For those still interested in the recent antidepressant withdrawal debate, here is a new and important installment.
Before we get to the essential part, let us first recall that our systematic review in Addictive Behaviors (2018) showed, among other things, that around half of people who stop antidepressants experience withdrawal. This conclusion was critiqued in a blog by Joseph Hayes and Sameer Jauhar, to which we responded by pointing out the blog’s many serious errors and misrepresentations (see our response here).
Our response to that blog, however, did not deal with one of Hayes and Jauhar’s core criticisms: that our systematic review had failed to include five randomised control trials (RTCs). (These RCTs were: Baldwin 2004a1 & 2004b2; Lader 20043; Montgomery 20034 & 20045.) They alleged that these five trials, while primarily focusing on the effectiveness of antidepressants, also contained data on the ‘incidence’ of withdrawal — that is, on how common withdrawal actually is. Had we included this data in our review, Hayes and Jauhar contended, the number of people suffering antidepressant withdrawal would have been lower than we reported, perhaps by around 10% (we infer this 10% from the tables they produced in their original blog critique). It was therefore either remiss or dishonest of us, they implied, not to include data from these studies.
Today, we would like to deal briefly with this particular blog criticism, not merely to show how groundless it is, but more importantly because, by doing so, we gain crucial insight into how shadowy and ethically suspect antidepressant withdrawal research can get when viewed up close.
The first thing to notice when looking at these five ‘studies’ is that the pharmaceutical company, Lundbeck, funded all of them. Additionally, all five studies were undertaken and written (either entirely or in part) by employees of Lundbeck, who reached the conclusion that their antidepressants were superior to competitor drugs.
The second thing to note about these studies is that three of them were not published as full studies at all. Rather, they were published as short ‘research supplements’ — each at around 300 words. For those who do not know much about ‘research supplements’, they are basically industry-funded study-summaries that some journals will publish in return for an industry fee. Needless to say, the obvious conflicts of interests these supplements involve6 as well as the serious challenges they pose to anyone wanting to assess their methods properly (supplements don’t provide enough detail for that), are just two among numerous ethical and scientific reasons as to why many credible journals, such as Lancet, now refuse to publish them.7
The third and most disconcerting revelation about these five ‘studies’ and by extension the so-called evidence upon which Hayes and Jauhar base their critique, is that none of the five studies actually contain any data on the incidence of antidepressant withdrawal. To repeat, these five studies do not contain the very data that Hayes and Jauhar alleged we overlooked.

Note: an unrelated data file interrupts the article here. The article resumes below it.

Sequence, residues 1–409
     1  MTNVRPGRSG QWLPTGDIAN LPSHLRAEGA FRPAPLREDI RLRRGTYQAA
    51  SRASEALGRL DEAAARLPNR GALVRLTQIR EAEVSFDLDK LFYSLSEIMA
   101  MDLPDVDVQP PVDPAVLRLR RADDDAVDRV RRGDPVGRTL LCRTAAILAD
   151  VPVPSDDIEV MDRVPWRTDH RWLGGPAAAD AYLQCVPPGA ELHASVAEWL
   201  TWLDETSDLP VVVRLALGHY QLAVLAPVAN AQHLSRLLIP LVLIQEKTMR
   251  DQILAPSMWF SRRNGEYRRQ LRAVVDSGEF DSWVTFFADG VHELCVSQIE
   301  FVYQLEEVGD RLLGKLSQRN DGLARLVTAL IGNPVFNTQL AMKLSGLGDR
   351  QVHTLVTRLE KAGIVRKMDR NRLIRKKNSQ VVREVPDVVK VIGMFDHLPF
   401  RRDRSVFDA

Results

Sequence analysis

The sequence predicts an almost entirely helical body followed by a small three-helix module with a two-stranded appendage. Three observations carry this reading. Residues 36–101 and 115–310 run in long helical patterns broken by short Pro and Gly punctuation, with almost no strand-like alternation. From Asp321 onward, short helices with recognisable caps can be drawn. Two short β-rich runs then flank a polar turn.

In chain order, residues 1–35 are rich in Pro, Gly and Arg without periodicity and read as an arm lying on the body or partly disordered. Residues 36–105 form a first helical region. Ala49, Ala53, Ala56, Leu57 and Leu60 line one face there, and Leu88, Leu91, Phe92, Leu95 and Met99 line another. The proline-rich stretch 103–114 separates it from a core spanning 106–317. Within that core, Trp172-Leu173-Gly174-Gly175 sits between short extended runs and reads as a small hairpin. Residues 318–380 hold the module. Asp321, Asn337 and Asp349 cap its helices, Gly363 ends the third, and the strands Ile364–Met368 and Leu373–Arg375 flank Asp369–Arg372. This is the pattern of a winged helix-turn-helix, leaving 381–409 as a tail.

While this, of course, explains why we did not include these studies in our systematic review, it does not explain why Hayes and Jauhar claimed the data was there. We can only surmise that Hayes and Jauhar did not actually check these five studies. Rather, they simply quoted a Lundbeck-funded article, published three years later (by Baldwin et al. 20078), which somehow ‘cites’ data from these original five studies that were never included in them.
Two implications of this arise:
Firstly, and most obviously, by basing their arguments on such dubious foundations, Hayes and Jauhar invalidate many of their core criticisms, such as their view that the overall incidence rate from the RCTs is closer to 40% rather than our 50%, as well as their suggestion that we were not thorough (or even worse, were biased) by not including these five RCTs.
The second implication concerns why such research practices are ever permitted at all. How can a later article cite data from company-funded ‘studies’ that don’t actually report that data (let alone report the mechanisms by which that data was gathered)? And how can individuals, journals and professional communities permit or make use of these suspect practices while also receiving financial succour from the companies set to benefit from them?
Both implications can only add to the growing disquiet within the professional and service user communities as to the impoverished state of psychiatry’s withdrawal research. Where such research exists it is scattered and minimal (and, by design, minimises withdrawal effects). And where such research exerts influence it appears to do so less on behalf of patients (whose withdrawal often lacks proper recognition and support) than on those who promote, defend or evermore widely prescribe this class of psychopharmaceutical.
Mad in America hosts blogs by a diverse group of writers. These posts are designed to serve as a public forum for a discussion—broadly speaking—of psychiatry and its treatments. The opinions expressed are the writers’ own.
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